Monday, April 18, 2005

Marla Ruzicka

Anyone who wants to remember Marla Ruzicka, the Bay Area activist who was killed by a roadside bomb in Iraq, should first all remember how she died. Time gives this account of her death.

Ruzicka, 28, became a victim of the Iraqi conflict on Saturday, when a car bomb detonated beside her car on the perilous road from central Baghdad to the city's airport. Her longtime Iraqi aide and driver Faiz Ali Salim, 43, was also killed.

She didn't die while accompanying a military convoy. She wasn't killed at a US checkpoint or by American fire. She died on a road frequented by civilians killed by what was almost certainly a command detonated bomb; which didn't go off by itself but was set off by someone waiting patiently, at a distance, with his converted cellphone or garage door opener, until a likely victim came along. For Time to say that Marla Ruzicka was the 'victim' of an abstract Iraqi conflict is as misleading as to maintain that Iraqis who may have wrongfully died in US custody are 'victims' of 'international conflict'. To remember Marla Ruzicka it is important to remember that first and foremost she was murdered, murdered by insurgents.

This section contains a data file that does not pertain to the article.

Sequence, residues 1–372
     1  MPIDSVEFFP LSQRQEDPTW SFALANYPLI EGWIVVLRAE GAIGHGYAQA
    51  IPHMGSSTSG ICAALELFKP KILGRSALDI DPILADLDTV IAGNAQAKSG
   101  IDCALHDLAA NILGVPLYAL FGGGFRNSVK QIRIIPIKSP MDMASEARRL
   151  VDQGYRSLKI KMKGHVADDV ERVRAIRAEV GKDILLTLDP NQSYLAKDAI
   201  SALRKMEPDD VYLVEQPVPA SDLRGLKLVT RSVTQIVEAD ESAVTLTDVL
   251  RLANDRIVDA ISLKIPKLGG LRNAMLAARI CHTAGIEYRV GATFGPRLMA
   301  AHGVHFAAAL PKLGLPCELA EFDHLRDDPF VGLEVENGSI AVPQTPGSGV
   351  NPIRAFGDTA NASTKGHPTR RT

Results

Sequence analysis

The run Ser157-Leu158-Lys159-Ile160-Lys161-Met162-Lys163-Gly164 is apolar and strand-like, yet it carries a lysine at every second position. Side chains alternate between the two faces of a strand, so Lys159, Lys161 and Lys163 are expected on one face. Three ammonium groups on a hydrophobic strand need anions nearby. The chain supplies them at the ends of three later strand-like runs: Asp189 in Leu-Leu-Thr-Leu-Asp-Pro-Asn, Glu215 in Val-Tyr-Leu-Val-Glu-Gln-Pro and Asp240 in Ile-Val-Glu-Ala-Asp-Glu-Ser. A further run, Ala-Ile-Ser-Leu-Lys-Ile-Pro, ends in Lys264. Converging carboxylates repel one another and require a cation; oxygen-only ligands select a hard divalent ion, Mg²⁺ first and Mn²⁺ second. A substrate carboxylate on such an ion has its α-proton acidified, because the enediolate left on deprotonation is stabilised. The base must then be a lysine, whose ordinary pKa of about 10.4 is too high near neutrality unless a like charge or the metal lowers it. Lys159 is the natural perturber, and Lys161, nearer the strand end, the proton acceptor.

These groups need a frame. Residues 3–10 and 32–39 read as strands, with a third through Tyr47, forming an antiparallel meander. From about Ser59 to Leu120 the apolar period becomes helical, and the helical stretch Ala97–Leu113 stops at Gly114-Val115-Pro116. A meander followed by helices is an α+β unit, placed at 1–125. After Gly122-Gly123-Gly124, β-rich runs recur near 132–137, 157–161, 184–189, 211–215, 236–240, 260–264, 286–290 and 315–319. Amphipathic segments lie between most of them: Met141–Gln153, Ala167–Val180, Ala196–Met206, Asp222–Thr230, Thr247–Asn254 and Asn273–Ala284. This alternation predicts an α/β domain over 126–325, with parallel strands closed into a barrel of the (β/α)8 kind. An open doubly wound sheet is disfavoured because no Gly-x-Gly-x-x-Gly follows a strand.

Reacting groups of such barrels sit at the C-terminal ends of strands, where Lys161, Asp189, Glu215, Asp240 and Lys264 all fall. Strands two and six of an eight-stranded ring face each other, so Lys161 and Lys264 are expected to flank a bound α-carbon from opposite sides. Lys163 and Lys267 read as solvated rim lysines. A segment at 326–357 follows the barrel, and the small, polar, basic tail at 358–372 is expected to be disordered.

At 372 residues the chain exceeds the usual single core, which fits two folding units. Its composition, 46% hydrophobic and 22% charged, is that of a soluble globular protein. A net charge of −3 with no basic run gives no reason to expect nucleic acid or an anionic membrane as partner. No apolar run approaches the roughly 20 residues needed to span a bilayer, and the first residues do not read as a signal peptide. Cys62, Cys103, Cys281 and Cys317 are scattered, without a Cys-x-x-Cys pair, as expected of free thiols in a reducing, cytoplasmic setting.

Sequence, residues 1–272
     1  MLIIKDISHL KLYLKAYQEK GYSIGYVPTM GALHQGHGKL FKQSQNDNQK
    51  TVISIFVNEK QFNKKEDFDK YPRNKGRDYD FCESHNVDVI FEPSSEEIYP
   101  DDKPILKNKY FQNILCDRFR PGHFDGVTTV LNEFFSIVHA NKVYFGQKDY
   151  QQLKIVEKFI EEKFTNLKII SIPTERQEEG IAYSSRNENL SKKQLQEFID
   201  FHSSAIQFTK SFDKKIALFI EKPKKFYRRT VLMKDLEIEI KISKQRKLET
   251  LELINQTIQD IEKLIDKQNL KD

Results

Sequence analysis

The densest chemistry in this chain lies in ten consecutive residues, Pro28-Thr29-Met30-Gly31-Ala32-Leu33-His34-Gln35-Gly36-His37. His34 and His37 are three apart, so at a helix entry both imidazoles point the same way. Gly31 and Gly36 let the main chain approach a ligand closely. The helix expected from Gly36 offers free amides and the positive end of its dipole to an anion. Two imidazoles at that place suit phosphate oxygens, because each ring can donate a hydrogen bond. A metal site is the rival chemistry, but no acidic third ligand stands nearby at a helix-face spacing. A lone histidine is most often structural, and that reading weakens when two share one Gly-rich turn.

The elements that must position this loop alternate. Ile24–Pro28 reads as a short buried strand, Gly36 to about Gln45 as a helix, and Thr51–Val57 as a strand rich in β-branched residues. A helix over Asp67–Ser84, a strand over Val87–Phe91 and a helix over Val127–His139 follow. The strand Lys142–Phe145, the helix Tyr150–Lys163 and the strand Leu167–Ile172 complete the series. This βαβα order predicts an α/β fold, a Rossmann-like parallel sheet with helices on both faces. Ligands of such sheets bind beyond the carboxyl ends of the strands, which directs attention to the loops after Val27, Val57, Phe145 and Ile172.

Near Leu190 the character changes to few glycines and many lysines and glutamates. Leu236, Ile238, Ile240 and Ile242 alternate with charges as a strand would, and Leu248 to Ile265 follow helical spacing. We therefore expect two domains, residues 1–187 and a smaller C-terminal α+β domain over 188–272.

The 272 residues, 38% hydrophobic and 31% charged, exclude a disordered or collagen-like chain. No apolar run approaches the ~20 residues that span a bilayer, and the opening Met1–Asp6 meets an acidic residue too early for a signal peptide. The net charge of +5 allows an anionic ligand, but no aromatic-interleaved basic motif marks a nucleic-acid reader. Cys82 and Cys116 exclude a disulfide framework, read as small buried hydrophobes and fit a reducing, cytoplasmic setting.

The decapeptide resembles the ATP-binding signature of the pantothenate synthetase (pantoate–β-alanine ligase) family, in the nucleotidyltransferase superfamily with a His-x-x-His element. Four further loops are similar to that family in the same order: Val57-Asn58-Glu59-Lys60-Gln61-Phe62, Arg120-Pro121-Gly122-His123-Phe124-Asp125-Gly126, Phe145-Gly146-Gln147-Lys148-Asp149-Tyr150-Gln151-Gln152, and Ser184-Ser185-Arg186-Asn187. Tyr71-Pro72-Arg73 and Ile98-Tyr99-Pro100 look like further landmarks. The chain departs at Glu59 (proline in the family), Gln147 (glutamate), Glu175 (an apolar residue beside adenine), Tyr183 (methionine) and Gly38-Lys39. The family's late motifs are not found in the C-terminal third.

It is also important to remember the invisible man, Mr. Faiz Ali Salim, who was as innocent as Ruzicka, and who because he lived there had even less choice in the circumstances of his death. If Ruzicka represents the idealistic activist Salim should stand for all the thousands of Iraqis who have been kidnapped, beheaded, car bombed while at mosque, blown up roadside bombs and thrown into woodchippers, perhaps by the same men who pressed the detonation button that killed them both. He didn't die from some nebulous Iraqi conflict, as Time likes to remember, but from the actions of men who had killed before and, with the help of those who help us to forget that fact, will kill again.